Raising Body Positive Children

Vintage ad with spoon-fed baby and slogan saying, "Whoa, darling-that's all for now!"

“Shh. We’re not supposed to talk to her about food.”

–My little brother, 10 years old, telling my little sister not to ask me about why I wasn’t eating.

–Jenny BEST, founder, solid starts

My relationship with food is fraught in a number of ways. Having dealt with anorexia in my ballet career, to over-indulging upon retirement, to discovering my love of growing food, to dealing with a child who refuses to eat—it’s been a long road. And I’m not going to lie: As I type this, I can feel the pooch from my twin-baby belly hanging on the tops of my thighs. I can’t stand the feeling and I’m actively fighting the urge to suck in my belly.

Jenny Best in the New York City Ballet.
Solid Starts founder Jenny Best in the New York City Ballet. Photo Credit: Paul Kolnik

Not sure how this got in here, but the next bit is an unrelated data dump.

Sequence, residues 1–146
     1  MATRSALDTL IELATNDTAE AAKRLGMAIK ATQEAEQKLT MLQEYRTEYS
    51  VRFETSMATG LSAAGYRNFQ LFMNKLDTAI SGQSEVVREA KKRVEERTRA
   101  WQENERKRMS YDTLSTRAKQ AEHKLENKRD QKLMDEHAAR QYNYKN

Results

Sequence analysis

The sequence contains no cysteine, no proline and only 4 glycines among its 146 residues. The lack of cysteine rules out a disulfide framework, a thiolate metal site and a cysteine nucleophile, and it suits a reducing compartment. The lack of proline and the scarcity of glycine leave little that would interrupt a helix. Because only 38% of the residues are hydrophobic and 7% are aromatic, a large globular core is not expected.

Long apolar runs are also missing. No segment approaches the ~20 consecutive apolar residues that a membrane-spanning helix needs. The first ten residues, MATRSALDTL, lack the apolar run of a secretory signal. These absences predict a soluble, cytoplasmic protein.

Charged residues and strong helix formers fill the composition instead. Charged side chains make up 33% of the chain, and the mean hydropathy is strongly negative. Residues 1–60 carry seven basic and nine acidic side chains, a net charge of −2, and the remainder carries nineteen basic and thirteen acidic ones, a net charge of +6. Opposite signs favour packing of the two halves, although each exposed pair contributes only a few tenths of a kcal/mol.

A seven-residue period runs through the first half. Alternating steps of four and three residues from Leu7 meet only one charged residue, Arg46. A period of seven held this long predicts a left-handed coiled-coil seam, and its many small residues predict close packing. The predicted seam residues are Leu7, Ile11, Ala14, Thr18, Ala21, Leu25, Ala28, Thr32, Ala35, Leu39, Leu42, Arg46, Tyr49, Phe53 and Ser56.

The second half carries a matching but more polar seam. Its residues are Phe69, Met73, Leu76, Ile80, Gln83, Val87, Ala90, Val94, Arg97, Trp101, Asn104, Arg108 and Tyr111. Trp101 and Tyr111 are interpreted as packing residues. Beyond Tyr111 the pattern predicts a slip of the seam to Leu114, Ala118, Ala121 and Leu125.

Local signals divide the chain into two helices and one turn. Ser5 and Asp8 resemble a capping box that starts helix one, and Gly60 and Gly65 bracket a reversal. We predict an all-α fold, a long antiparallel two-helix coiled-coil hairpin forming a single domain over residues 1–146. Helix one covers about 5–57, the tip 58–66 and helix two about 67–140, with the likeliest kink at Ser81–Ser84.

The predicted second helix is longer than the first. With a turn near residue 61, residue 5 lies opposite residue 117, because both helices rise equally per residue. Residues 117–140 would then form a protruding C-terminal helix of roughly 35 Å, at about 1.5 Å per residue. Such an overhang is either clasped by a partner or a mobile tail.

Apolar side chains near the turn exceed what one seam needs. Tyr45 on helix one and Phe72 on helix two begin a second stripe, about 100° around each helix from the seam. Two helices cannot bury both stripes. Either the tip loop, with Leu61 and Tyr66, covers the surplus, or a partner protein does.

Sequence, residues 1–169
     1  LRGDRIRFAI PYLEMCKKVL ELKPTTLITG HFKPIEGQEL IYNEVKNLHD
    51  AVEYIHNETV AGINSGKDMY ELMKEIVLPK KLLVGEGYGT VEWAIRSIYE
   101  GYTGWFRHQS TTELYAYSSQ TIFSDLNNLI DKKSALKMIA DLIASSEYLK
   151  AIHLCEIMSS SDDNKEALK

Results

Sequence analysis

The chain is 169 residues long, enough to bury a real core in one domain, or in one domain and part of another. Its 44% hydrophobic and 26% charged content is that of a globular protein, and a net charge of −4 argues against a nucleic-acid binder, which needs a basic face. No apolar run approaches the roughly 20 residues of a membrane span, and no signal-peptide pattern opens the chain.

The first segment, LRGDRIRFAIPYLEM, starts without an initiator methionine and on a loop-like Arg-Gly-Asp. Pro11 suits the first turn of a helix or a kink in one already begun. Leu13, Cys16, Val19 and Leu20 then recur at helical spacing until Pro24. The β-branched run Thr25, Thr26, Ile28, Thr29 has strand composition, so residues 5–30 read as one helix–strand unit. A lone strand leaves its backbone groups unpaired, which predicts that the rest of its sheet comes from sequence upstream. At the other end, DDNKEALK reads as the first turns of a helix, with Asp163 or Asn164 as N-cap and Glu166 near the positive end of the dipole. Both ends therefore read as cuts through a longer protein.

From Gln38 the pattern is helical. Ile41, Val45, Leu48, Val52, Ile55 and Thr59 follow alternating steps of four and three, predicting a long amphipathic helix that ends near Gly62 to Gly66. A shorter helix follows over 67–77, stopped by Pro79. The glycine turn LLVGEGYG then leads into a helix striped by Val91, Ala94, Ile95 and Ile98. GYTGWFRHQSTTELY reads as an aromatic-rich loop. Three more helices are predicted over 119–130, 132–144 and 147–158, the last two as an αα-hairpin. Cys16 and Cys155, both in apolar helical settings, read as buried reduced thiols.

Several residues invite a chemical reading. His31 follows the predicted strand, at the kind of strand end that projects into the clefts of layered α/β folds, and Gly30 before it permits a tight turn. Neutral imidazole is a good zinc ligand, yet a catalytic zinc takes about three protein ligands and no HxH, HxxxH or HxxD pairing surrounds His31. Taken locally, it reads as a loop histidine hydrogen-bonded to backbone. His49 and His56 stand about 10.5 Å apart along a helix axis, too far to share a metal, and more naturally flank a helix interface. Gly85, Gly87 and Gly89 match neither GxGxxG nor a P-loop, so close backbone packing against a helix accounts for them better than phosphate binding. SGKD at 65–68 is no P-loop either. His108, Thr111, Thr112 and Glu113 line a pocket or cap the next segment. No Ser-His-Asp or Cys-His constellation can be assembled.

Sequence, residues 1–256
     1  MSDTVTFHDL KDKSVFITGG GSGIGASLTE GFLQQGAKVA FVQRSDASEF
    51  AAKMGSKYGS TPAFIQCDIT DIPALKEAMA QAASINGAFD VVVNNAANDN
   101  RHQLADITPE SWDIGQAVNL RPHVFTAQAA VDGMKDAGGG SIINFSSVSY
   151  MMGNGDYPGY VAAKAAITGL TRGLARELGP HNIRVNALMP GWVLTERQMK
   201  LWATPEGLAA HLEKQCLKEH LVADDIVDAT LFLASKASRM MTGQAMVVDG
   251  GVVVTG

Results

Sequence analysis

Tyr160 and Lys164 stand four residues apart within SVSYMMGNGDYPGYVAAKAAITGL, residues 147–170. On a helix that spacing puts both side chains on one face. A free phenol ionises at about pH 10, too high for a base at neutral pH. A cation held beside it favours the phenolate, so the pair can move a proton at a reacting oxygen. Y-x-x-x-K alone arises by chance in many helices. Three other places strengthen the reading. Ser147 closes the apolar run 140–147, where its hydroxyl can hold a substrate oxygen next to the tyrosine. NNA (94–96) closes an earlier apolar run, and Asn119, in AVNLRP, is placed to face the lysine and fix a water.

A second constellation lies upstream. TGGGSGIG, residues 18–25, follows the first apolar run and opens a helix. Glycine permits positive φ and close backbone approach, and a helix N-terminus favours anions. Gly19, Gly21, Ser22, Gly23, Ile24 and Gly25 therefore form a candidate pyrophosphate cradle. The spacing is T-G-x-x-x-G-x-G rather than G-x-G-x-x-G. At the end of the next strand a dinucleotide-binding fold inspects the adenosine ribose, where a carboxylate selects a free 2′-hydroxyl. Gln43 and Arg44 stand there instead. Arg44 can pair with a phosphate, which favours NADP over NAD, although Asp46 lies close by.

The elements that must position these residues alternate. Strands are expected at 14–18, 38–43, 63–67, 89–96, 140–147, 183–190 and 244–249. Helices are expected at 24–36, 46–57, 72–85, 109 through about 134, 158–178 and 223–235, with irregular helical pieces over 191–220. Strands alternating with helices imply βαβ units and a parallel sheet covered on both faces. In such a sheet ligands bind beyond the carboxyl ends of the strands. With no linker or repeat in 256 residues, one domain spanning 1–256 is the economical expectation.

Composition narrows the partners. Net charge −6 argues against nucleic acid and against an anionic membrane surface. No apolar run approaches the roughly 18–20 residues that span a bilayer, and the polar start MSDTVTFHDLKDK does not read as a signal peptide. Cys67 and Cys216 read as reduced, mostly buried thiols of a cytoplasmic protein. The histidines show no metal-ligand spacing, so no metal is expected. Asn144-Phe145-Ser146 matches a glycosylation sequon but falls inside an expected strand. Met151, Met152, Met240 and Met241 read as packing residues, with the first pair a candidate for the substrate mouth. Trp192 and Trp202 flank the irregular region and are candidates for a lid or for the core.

When you think about your relationship with food and how you feel in your body, there’s a lot baked into that. How did your parents talk about food and model eating? What were your teen magazines advertising to you? Did grandma ever comment about your body changing?

Raising body-positive children starts here.

Some things you can do:

  • Refrain from commenting on how much your child is eating.
  • Don’t praise your child for eating and don’t show disappointment if they refuse to eat.
  • Let baby decide what goes in their mouth and how much. If spoon-feeding, stop the spoon before baby’s mouth and let baby reach for it to bring it in themselves.
  • Refrain from encouraging your child to take one more bite or to taste a new food.

Above all, create JOY at the table. Channel a dinner party vibe. Cheers your glasses, talk about the birds outside, descriptive qualities of the food: Is it crunchy? Grainy? Sweet? Sour? Warm? Cold? Do your best not to show any worry or concern.

And pro-tip, don’t say, “Whoa, darling, that’s all for now.”

Happy eating, everyone.

xo Jenny, founder

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